Sometimes students ask: “Well, then, Aleksei Ivanovich, but must one still study languages?” I tell them: “To whom are you saying this? Yes, of course, study, work hard!” One simply needs to remember clearly for what one is studying. The means can never turn into the end and, as was said earlier, one mustn’t put the cart in front of the horse. And one must remember that a philologist-classicist is not yet a patrologist.
Hieromonk Adrian: Such an approach became prevalent in the west even earlier in regard to Biblical studies.
A. I. Sidorov: That’s absolutely correct, although I’m not a specialist in Biblical studies. But I have simply come to observe that we sometimes have a certain spirit of provincialism: everything that goes on there is good. But that is far from the case. Yes, I’ve read and read western scholars, and I try in part to learn professional skills from them. I do not feel, however, that it’s necessary to imitate them. We have our own marvelous tradition, and it’s necessary to cultivate that in the first place. In particular, we had a good school of Russian Orthodox Biblical studies and, glory to God, the department of Biblical studies at the Moscow Theological Academy understands this and is renewing the previous tradition.
In the west an enormous number of books and articles is written about every ancient Christian author. One can dedicate one’s entire life to reading these works and never get around to the works of the Holy Fathers themselves. Here an enlightened minimum needs to be observed. There are fundamental works – these are desirable to know, but to have as one’s goal to “attain the unattainable” is silly. The young Orthodox scholar should not forget what seems like an elementary truth: life is short. From this perspective of the shortness of life one mustn’t lose sight of the main goal. For the Orthodox scholar, as for every Orthodox person, this goal is the salvation of the soul, and everyone strives towards this goal by his own path. But the Orthodox patrologist has one serious advantage: by the nature of his activity he is simply obligated to commune with the Holy Fathers. Here this fact has great significance: the patrologist’s goal should go beyond simply researching and studying patristic works and, ideally, to translating them. I can honestly admit that my greatest happiness in life is to work on translating the Holy Fathers. True, I have astonishingly little time for this: my teaching load is so heavy that not every young man would be able to endure it. If I’m sometimes able to find an hour or so for translation – these are the best hours of my life.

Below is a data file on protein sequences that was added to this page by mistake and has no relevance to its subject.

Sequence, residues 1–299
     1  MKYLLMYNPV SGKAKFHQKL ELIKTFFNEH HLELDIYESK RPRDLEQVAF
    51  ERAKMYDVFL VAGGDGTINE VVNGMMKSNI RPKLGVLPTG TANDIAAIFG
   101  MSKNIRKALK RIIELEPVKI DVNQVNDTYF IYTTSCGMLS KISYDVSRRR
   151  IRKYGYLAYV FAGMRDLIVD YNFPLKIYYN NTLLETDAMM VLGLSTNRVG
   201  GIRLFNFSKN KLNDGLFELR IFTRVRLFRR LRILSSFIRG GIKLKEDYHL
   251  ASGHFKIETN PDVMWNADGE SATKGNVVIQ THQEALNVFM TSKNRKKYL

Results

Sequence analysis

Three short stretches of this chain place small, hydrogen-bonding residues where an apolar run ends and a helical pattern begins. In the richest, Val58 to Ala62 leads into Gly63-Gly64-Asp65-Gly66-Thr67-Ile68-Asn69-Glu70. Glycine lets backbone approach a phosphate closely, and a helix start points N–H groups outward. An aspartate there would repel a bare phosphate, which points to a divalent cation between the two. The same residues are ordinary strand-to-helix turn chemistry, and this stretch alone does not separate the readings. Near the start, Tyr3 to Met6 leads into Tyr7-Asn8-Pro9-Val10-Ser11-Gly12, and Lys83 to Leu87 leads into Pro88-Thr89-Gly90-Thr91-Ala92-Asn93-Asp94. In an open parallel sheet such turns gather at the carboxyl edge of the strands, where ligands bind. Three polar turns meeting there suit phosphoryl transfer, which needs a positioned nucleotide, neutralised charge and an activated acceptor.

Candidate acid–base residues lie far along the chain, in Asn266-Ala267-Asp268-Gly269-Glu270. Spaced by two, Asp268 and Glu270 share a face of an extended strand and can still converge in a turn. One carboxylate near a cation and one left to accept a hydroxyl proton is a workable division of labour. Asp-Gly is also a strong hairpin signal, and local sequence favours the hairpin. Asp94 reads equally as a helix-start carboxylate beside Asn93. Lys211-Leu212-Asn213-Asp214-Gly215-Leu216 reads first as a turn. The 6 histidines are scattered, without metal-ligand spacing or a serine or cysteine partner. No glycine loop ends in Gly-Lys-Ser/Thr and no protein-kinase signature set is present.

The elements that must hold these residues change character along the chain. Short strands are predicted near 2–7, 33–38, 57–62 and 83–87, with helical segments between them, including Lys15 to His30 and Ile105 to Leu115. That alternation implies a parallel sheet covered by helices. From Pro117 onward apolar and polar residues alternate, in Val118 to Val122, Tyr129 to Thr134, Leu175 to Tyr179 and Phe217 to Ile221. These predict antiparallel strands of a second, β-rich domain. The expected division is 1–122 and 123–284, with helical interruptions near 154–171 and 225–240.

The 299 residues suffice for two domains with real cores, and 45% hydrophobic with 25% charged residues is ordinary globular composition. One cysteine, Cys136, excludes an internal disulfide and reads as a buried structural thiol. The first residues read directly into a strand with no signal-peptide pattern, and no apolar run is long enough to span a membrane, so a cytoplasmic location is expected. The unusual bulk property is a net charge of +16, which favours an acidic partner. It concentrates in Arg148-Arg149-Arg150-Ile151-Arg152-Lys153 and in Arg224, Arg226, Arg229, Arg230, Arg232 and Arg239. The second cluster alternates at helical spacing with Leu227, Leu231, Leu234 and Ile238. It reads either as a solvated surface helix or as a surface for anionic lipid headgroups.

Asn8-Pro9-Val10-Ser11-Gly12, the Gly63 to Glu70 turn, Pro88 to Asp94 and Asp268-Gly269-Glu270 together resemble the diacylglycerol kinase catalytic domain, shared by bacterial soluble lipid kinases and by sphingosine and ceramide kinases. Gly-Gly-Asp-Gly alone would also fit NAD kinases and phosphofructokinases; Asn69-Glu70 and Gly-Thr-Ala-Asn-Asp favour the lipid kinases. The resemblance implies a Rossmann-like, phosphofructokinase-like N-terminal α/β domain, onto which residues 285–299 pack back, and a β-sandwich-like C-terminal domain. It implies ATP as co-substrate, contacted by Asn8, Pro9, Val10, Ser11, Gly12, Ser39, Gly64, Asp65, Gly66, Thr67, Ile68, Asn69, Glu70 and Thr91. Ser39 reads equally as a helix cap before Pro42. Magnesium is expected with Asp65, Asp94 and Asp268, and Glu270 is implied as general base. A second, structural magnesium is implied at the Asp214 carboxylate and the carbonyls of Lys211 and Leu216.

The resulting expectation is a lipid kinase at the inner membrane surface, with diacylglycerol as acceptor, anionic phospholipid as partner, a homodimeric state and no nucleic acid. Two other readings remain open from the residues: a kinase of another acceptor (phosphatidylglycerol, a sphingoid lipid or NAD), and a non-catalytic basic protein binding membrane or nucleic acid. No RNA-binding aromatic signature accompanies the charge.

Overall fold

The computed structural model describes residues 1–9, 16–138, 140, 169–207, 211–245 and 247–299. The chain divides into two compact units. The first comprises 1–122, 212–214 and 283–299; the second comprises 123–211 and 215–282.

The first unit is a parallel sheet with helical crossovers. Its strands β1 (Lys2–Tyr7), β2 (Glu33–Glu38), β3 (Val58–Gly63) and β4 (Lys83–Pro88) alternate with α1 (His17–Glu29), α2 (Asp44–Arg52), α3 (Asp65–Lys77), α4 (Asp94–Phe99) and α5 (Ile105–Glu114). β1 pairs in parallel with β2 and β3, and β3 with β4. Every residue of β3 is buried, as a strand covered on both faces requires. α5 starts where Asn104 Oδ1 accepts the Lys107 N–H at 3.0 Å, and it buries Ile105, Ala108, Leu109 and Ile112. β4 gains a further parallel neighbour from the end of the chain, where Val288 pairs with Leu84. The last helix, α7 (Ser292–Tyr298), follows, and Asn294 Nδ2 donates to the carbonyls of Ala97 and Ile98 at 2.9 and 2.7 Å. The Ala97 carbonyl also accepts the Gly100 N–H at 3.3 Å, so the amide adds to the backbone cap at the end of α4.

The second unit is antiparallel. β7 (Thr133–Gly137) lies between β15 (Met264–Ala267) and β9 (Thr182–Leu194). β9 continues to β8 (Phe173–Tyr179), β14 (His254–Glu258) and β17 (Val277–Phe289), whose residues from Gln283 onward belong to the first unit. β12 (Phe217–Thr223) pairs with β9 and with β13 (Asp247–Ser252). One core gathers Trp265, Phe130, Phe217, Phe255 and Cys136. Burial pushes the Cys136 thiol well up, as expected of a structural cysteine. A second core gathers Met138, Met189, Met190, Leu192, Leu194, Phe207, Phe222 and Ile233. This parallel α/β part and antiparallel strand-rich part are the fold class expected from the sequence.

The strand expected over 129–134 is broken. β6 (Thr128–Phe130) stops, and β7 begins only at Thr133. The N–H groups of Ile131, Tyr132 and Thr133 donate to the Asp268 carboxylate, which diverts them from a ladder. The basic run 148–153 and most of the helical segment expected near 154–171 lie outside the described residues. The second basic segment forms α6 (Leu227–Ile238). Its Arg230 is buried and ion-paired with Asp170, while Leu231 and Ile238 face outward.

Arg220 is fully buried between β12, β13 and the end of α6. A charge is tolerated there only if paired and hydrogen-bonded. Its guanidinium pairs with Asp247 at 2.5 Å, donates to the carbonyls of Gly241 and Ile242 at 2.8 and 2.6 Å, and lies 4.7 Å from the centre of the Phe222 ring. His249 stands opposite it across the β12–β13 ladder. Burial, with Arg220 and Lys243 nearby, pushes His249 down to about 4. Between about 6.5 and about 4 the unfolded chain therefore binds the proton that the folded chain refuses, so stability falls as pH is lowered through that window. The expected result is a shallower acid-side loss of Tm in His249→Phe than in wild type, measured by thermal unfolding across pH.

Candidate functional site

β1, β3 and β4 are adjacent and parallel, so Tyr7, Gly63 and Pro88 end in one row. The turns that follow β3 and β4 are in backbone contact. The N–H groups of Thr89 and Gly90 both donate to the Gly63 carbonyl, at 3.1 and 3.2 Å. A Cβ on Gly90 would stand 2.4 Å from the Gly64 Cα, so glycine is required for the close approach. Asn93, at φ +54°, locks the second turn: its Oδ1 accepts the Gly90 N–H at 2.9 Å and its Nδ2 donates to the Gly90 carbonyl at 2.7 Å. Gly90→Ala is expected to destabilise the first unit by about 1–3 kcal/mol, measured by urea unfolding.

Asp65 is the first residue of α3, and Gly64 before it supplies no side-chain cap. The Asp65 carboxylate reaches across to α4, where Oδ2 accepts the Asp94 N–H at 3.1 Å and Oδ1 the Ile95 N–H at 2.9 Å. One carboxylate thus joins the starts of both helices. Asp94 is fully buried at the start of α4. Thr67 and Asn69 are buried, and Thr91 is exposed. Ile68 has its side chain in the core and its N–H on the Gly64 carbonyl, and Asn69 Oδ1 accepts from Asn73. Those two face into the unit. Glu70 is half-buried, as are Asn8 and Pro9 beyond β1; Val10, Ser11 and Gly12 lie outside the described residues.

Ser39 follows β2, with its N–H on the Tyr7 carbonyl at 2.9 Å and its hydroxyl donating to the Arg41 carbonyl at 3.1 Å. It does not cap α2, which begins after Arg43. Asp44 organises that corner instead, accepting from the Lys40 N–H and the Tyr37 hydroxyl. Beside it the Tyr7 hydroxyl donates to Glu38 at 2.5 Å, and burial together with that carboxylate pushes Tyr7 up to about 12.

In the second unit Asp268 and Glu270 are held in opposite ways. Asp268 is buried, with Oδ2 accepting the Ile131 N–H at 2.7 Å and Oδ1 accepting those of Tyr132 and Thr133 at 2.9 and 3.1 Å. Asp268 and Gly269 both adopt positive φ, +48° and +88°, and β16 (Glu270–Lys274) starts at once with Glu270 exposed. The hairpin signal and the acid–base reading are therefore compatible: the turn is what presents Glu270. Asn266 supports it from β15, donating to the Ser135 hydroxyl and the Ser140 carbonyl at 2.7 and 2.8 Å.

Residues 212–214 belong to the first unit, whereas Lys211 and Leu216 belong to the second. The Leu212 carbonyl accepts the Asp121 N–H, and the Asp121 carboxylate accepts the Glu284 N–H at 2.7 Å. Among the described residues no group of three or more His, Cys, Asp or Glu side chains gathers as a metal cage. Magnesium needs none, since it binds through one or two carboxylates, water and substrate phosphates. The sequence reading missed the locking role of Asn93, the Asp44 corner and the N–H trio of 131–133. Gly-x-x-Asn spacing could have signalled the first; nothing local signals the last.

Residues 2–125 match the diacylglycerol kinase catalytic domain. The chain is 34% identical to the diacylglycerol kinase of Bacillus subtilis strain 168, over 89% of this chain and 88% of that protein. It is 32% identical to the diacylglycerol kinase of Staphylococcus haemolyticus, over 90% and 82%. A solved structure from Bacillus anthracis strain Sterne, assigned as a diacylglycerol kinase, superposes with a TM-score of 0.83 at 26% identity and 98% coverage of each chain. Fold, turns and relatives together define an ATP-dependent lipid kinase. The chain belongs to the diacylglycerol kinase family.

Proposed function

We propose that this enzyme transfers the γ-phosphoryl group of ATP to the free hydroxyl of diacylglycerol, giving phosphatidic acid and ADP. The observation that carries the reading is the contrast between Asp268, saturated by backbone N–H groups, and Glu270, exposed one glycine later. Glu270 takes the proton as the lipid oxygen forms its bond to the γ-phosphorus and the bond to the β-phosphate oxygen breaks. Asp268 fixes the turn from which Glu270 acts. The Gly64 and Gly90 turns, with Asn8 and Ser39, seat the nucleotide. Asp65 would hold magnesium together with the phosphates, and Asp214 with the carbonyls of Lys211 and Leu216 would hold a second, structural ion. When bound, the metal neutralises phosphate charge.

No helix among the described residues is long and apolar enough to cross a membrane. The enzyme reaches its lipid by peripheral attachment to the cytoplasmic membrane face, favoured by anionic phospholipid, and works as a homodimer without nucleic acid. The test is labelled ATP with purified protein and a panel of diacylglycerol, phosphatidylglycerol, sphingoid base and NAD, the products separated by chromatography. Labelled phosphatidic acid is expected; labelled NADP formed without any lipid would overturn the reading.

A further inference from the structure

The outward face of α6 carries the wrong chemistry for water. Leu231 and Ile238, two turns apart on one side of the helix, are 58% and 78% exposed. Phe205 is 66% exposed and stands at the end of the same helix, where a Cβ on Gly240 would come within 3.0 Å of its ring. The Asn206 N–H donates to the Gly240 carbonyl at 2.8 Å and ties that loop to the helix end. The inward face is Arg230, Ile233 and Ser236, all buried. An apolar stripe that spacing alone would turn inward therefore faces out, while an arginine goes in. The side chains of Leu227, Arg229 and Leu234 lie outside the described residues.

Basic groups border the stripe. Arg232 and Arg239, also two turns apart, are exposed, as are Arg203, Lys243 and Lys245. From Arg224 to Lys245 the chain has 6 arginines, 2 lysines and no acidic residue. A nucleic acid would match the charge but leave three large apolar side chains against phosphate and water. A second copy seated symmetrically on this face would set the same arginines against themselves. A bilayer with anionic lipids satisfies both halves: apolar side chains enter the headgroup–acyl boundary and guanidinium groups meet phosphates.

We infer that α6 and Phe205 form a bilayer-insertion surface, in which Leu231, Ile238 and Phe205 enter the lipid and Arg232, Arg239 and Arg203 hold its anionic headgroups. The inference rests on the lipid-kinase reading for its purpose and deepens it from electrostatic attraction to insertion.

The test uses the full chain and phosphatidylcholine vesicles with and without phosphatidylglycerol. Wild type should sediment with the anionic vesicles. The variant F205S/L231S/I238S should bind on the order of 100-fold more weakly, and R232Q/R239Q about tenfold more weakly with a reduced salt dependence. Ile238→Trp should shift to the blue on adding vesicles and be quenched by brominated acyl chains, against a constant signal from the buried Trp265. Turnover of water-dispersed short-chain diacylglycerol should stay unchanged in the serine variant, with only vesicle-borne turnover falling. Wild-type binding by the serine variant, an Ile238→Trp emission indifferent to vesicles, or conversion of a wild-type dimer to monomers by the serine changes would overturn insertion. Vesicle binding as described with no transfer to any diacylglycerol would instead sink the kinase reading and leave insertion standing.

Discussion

Here I’d like to call attention to the fact that translation is a work of extraordinary responsibility and, unfortunately, no single translator can avoid mistakes. Sometimes it happens that one understands the meaning not quite accurately, sometimes mistakes result from simple inattention, and sometimes there are purely accidental occurrences (for instance, there is a telephone call – and the “dialog” with the text is interrupted, and therefore its true vision slips away). It is essential to remember an elementary truth: only those who do nothing never make any mistakes. Recently a review appeared of a translation done by a young colleague of mine. I admit that it upset me very much. Any review presents a vision of both the positive and the negative points of a work. Here were found two serious and a few small mistakes, and put them into the focus – and there was not a word about the great work that had been accomplished and about the work’s virtues. Unfortunately this is very reminiscent of the genre of the yellow press. We often talk about love for one’s neighbor, but it often seems that these are just words. For such love is displayed not simply in helping an old lady to cross the street, but also in supporting one’s colleague. If one has to criticize, one needs to show patience and love, displaying a “spirit of meekness.” After all, we are Orthodox people, and one needs to pay attention to this fact (I say this to myself in the first place).